The Sheepshead as seen from Tombstone, AZ.
Today, Tombstone has a population of a little less than 1500, keeping in line with its historical demographics, if not violent past. Many of the old western style saloons and other architectural fixtures remain intact while trolleys and horse-drawn carriages dot the streets with tourists. Cosplayers–they prefer to be called “living historians”–who dress the way individuals it did in the city’s heyday, catcall for business and tours, and the smell of sweet barbeque permeates the air. What was once a lawless town with a fearsome name and reputation, is these days part small town, part family-friendly tourist destination (though a cosplayer or two might pull a knife out on you or your kids to show you how things were done in the old days).
I am seen here geeking out with a group of kindly cosplayers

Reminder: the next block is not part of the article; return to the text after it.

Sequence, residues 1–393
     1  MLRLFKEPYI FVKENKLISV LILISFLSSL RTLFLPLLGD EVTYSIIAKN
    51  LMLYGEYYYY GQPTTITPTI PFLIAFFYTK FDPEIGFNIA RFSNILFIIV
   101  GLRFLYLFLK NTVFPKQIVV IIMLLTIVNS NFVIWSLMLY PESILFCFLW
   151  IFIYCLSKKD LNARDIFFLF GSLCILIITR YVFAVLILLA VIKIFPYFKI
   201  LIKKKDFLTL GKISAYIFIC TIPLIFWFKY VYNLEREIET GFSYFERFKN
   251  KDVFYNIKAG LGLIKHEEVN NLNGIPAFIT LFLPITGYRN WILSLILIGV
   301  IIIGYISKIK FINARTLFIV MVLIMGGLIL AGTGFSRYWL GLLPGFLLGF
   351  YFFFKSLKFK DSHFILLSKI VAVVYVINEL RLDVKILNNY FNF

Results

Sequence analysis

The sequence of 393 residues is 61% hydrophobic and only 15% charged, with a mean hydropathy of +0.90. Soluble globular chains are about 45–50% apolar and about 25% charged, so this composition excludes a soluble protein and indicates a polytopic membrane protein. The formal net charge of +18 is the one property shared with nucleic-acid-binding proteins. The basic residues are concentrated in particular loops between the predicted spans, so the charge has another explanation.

I let my nerdier side take over and I took the time to visit a few of the museums in the area and shop around. Unlike at Disney, which often samples and reproduces versions of real places and their culture, I was being exposed, in some ways, to the actual culture of a time in Tombstone’s history. I couldn’t resist the impulse and switch to my boots, picked up a few things–a sarape, badge, and hat– along with some souvenirs and walked around town channeling badasses like Jaime Foxx in D’Jango Unchained or young Clint Eastwood in The Man With No Name. I got to watch a campy daytime theatre production of old western life in what was called “Old Tombstone” and went on a trolley tour where our velvet-voiced guide pointed out the various historical landmarks and points of interest. I also chatted with lots of people who lived in the city to try to get a sense of who they were and what the town had become. One woman who ran the museum talked about how she had spent her entire life in Tombstone and didn’t have “itchy feet” as she said I did. Her only fear it seemed was a reasonable one: She didn’t want to become like her mother. Another encounter involved a cute and industrious couple that gave up their fast lives in finance in the heart of Chicago to move for a slower, yet more fulfilling life in Tombstone. I could feel that the people who stayed in a town so ominously named, while few, were bursting with love, life, and pride for the place they lived.